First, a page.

Years ago, I read a book that changed my perspective on education. It was William J. Bennett’s work, The Educated Child.
After getting acquainted with Bennett’s perspective on education and his strong belief in the importance of values formation in children, I sought to read his other compilations and works. Some of the ones we have in our home are The Book of Virtues, The Children’s Book of Virtues , The Children’s Book of Heroes, and The Moral Compass.
From time to time I will read aloud from these books to my children. Tonight, I read an excerpt on the life of Beethoven from The Moral Compass.
Here’s what I have always admired about Beethoven. He was a crazy genius, so passionate about music that he composed some of his most amazing works when he was going deaf. One of his last, most incredible compositions was his Ninth Symphony, “Ode to Joy.” The irony is that he felt very much alone and depressed about losing his sense of hearing. Yet his love for music and his faith in God unshackled him from the constraints of his deafening silence. How was it really possible for a deaf person to still compose music of the highest acclamation?
When I read the excerpt to my children, I was compelled by Beethoven’s determination to defy his handicap amidst the very real pain and loss of what he enjoyed most. He did not let circumstances deter him. Perhaps it was this great and irremovable tension between painful reality and a consuming passion to still be what was illogical for him to be that birthed such beautiful music. His life reminds me of a line in a movie Edric and I watched some time ago. In Five Days of August, a soldier approaches one of the main characters to comfort her and says, “I have come to believe that tragedy leads you to your purpose.” This is what happened in Beethoven’s life. God allowed tragedy to turn his music into brilliance.
The excerpt from The Moral Compass reads, “I could not bring myself to say to people, ‘Speak louder, shout, for I am deaf.’” He (Beethoven) wrote, “How should I bring myself to admit the weakness of the sense which ought to be more perfect in me than in others, a sense which I once possessed in the greatest perfect?”…And yet Beethoven did something much more courageous than give up. He gave himself to his art. He went on writing music, even though what he wrote grew fainter and fainter in his own ears. As his hearing faded, his music began to take on a quality much different from the elegant compositions written by earlier composers. Many of Beethoven’s works grew stormy and emotional and thrilling – much like his own courageous and turbulent life. Strange and wonderful to say, he wrote much of his best music, the music we remember him for, after he lost his ability to hear.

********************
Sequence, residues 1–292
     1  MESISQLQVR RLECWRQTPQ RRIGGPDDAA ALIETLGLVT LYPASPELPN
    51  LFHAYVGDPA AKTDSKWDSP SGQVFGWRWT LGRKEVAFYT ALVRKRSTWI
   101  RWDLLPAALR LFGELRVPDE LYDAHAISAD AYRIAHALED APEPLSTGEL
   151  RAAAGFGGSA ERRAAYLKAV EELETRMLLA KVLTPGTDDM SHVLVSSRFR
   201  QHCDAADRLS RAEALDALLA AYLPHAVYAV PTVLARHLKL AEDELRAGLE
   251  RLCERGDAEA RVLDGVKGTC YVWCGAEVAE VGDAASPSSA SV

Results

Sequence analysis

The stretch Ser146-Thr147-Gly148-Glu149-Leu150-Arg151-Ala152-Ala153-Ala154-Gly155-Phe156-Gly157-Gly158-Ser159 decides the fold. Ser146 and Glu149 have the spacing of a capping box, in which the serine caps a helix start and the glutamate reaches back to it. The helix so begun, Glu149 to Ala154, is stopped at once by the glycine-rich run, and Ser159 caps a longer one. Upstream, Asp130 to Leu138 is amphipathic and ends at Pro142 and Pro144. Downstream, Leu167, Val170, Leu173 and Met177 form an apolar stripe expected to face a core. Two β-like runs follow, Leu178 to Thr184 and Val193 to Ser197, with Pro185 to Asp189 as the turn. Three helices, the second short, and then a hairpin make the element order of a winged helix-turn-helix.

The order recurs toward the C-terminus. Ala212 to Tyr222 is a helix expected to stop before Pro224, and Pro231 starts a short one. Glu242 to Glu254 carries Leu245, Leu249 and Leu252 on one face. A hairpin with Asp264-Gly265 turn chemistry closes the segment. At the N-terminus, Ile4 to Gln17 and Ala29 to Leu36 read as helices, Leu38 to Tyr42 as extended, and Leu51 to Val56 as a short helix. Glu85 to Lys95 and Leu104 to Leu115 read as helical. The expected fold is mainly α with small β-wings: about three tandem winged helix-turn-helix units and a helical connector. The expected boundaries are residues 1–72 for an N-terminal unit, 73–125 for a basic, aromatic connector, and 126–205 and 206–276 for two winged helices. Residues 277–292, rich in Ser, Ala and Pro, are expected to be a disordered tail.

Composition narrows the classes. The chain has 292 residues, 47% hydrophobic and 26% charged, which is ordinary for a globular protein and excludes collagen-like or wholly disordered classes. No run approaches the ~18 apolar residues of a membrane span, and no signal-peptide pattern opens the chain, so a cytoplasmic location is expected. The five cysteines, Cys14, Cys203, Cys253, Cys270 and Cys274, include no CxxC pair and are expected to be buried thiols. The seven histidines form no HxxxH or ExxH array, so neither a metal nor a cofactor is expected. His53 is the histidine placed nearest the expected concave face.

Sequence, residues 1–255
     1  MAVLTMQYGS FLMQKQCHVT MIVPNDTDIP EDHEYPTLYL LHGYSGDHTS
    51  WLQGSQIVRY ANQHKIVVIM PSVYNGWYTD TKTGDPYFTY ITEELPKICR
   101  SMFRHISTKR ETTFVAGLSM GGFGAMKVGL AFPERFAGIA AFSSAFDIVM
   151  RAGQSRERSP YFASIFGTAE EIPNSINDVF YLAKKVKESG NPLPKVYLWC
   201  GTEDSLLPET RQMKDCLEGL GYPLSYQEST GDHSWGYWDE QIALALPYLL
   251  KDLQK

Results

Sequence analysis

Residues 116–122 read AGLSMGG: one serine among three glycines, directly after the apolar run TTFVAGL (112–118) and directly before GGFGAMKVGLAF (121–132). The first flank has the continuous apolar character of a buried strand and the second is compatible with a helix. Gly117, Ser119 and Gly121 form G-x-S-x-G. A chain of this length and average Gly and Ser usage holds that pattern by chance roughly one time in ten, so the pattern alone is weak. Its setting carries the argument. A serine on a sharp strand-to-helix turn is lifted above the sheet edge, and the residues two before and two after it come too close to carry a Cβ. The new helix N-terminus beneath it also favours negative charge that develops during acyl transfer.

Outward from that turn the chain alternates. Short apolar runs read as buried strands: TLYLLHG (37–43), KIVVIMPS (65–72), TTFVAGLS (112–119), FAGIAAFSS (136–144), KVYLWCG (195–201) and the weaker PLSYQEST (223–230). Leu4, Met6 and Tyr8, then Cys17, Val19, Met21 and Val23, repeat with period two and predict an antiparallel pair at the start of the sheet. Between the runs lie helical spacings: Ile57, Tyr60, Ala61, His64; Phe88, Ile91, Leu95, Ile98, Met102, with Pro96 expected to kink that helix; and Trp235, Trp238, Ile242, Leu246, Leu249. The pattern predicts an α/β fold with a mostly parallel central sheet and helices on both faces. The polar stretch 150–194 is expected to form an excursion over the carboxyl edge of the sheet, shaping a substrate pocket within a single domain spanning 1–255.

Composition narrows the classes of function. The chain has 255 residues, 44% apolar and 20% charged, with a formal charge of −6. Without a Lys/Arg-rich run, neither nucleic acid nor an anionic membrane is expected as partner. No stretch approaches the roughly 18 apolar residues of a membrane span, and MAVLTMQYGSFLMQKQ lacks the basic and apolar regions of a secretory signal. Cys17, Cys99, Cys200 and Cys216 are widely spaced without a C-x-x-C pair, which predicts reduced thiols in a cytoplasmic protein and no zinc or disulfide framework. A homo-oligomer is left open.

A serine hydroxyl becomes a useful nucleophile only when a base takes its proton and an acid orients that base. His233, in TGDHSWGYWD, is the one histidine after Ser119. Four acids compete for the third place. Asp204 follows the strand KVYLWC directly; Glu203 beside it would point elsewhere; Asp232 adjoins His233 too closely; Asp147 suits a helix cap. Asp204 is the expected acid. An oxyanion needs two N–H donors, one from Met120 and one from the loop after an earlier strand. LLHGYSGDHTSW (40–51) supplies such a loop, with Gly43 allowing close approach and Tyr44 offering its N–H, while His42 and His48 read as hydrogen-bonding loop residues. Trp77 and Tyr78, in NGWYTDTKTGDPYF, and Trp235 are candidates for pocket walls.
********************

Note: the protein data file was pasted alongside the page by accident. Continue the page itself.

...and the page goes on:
Eventually Beethoven went completely deaf. He was lonely and often unhappy, and yet he managed to compose uplifting music. His last symphony, the Ninth, concludes with the famous Ode to Joy. When the work was complete, Beethoven agreed to conduct an orchestra and choir in a concert in Vienna.
The hall was packed. Beethoven took his place in the center of the orchestra, with his back to the audience, and at a signal from him the music began. The magnificent strains entranced the audience. Yet Beethoven himself heard nothing. He followed the score only in his mind.
When it was over, the great master lowered his arms. He stood amid the silence, fumbling with his score. One of the singers tugged at his sleeve and motioned for him to look. Beethoven turned around.
He saw people on their feet, clapping their hands, waving their hats, throwing their arms into the air. The deaf musician bowed and every eye in the audience held a tear…
He died in 1827, and it is said that among his final words were these: “I shall hear in heaven.” (Page 338 – 339, The Moral Compass)
This statement put into perspective the hope for which we must live. One day all that is perishable will be changed. As the apostle Paul said, “in a moment, in the twinkling of an eye, at the last trumpet; for the trumpet will sound, and the dead will be raised imperishable, and we will be changed. For this perishable must put on the imperishable, and this mortal must put on immortality.” 1 Corinthians 15 goes on to say that death can no longer sting because of Christ’s victory on the cross. His victory has become our victory. And then the apostle Paul ends the chapter with a challenge to “keep steadfast, immovable, always bounding in the work of the Lord, knowing that your toil is not in vain in the Lord.”
What shall I hear in heaven, Lord? Let me abound in the work you have designated for me — to be a helpmate to Edric, to raise, train, and teach my children for your purposes and glory. And while these things may not be the equivalent of Beethoven’s earthshaking symphonies in the eyes of the world, may the symphony of the life I live merit the applause of the only audience that matters — YOU.